Emmy-winning newswoman and celebrity interviewer Barbara Walters, the doyenne of television news, died Friday evening at her home in New York, her publicist confirmed to Variety. She was 93.
Walters conducted interviews with the most prominent figures across politics and entertainment, from Katharine Hepburn to Monica Lewinsky to Jimmy Carter and Anwar Sadat.
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Having blazed a trail for women in TV news, Walters was the highest-paid television journalist at one time, earning as much as $12 million per year at ABC, where she worked from 1976 until her retirement from ABC News and from her show “The View” in May 2014. She put in 12 years at NBC’s “Today” show prior to that.
Walters received multiple Daytime Emmy nominations for best talk show host for her work on “The View,” winning in 2003 and 2009, and she also received multiple Primetime Emmy nominations for her specials, winning in 1983. She also won a Daytime Emmy in 1975 for “Today” and shared a News and Documentary Emmy for her work at ABC on coverage of the turn of the millennium.
Walters’ March 3, 1999, interview of Lewinsky was seen by 74 million viewers, the biggest audience ever for a journalist’s interview. Walters asked Lewinsky, “What will you tell your children about this matter?” and Lewinsky replied, “I guess Mommy made some mistakes.” At that point Walters turned to the viewers and declared, “And that is the understatement of the century,” bringing the program to a dramatic conclusion.
As Variety wrote in an article on her retirement, “Walters’ longevity was notable in that she was a driving force in the rise of the superstar TV news personality, and she has endured into an era when that kind of authoritative star power is waning.”
The Barbara Walters interview was considered definitive. Highly personable and ingratiating but with a tough core, Walters withstood critiques about the softness of her interrogatory style with celebrities and sometimes major political figures as well. In part such criticism was because she was a woman — and successful — in a world in which male journalists fancied themselves as going for the jugular. Walters did blur the lines between journalism and entertainment to such a degree that the two sometimes were indistinguishable.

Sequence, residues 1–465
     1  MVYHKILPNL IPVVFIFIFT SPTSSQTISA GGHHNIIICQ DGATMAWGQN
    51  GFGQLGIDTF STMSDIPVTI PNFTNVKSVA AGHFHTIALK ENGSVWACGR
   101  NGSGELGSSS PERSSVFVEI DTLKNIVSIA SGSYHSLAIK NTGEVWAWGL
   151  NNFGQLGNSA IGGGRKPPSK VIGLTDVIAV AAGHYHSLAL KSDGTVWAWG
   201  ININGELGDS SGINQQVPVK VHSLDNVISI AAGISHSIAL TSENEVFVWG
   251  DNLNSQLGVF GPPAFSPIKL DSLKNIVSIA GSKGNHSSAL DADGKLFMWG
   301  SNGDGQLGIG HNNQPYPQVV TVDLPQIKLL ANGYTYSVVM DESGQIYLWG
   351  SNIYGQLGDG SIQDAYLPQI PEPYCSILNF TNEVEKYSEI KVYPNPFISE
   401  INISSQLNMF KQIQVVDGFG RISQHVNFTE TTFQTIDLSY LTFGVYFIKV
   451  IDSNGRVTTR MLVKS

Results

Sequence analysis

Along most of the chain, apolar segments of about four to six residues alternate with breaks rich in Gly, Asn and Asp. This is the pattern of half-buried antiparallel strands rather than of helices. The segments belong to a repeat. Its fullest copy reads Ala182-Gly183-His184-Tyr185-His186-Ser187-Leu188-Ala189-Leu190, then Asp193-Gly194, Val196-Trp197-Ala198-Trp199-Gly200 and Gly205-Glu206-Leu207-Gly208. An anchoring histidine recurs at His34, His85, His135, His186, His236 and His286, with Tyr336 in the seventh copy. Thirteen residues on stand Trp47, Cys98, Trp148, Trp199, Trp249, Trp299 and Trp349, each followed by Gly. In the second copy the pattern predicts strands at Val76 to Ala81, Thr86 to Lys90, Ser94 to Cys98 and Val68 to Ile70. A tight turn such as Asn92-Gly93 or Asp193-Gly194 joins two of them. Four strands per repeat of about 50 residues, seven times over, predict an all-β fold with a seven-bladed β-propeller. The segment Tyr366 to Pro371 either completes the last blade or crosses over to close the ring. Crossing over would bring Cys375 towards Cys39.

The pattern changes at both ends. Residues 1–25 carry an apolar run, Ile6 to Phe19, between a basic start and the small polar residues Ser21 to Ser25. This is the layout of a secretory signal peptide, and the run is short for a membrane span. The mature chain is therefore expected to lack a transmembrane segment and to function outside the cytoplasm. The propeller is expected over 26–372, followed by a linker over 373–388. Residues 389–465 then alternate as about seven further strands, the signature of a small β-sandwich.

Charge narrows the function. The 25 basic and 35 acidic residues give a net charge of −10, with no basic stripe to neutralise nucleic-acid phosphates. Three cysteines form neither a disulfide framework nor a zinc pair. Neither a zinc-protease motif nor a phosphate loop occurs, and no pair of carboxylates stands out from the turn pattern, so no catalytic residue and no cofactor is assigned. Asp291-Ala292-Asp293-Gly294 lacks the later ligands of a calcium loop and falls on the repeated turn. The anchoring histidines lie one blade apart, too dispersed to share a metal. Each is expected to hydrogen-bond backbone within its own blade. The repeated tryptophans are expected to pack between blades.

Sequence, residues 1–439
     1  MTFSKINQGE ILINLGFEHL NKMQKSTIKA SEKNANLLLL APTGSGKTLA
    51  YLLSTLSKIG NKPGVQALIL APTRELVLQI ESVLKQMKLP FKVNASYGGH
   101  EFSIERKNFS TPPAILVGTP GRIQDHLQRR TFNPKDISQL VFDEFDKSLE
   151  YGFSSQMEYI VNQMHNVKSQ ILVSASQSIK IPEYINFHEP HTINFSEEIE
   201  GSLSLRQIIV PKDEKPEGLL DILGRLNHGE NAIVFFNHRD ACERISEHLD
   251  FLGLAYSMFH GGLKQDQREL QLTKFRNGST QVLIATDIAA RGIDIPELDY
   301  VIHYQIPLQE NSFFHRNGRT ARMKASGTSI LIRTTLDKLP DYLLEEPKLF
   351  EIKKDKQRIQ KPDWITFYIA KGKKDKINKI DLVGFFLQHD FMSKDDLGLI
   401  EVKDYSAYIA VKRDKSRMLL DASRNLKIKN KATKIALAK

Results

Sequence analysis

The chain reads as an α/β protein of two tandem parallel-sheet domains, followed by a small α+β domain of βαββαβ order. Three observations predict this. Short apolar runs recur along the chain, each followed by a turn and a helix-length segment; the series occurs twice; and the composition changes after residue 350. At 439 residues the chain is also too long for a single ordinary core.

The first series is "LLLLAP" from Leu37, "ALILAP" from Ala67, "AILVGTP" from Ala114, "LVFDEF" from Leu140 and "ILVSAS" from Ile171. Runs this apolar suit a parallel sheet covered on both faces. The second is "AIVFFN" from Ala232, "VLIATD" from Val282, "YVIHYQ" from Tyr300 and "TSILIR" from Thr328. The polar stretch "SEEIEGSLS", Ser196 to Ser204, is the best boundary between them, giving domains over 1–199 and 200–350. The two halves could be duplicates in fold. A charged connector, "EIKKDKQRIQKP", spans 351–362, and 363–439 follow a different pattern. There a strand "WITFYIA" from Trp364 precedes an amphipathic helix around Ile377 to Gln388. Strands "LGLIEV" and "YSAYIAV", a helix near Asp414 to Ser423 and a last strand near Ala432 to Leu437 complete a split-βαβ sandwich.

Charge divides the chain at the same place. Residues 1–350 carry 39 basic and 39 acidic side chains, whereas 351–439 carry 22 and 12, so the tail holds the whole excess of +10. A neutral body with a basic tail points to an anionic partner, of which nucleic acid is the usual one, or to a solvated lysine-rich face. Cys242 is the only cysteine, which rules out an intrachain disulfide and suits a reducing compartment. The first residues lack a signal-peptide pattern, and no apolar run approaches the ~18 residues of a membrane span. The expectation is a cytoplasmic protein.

The oft-cited examples were asking Hepburn what kind of tree she would be and closing an interview with President-elect Jimmy Carter with the counsel, “Be kind to us, be wise with us.” The former incident didn’t take place quite as legend would have it: In Walters’ 1981 interview of the movie star, Hepburn described herself as feeling like a very strong “tree” in her old age. Walters pressed her on “what kind of tree are you?” To which Hepburn said she preferred to be an oak rather than an elm, in order to avoid Dutch elm disease. Walters had a capacity to enhance the comfort level of the interviewee to such a degree that personal revelations emerged without much effort.
To be interviewed by Walters was synonymous with success in the celebrity arena. World leaders from Anwar Sadat and Menachem Begin (their first joint interview) to Richard Nixon, Fidel Castro and Margaret Thatcher also felt secure being interviewed by her.
Walters was as important for who she was as for what she represented. As the first longtime co-host of “Today,” she broke that barrier for women. When she sat beside Harry Reasoner on the ABC Evening News — albeit briefly — that glass ceiling was shattered. Working well into retirement age, she helped dispel age discrimination against women on television as well.
After Walters’ early work at New York area TV stations, CBS came calling for its morning show, where her duties included booking and being a gofer. She made her first on-air appearance at the station in a fashion segment she had produced and also grabbed an exclusive interview in 1956 with survivors of the Andrea Doria ship sinking. She left CBS after two years and worked for a time in public relations for Tex McCrary’s TV department. In 1961, she landed a writing position on “Today” at NBC. She wrote women’s features, pre-interviewed guests and did some booking. She even narrated fashion segments on air. Her first major on-air feature was accompanying first lady Jacqueline Kennedy to India and Pakistan. Eventually she was seen on air frequently opposite Hugh Downs, her future “20/20” co-host.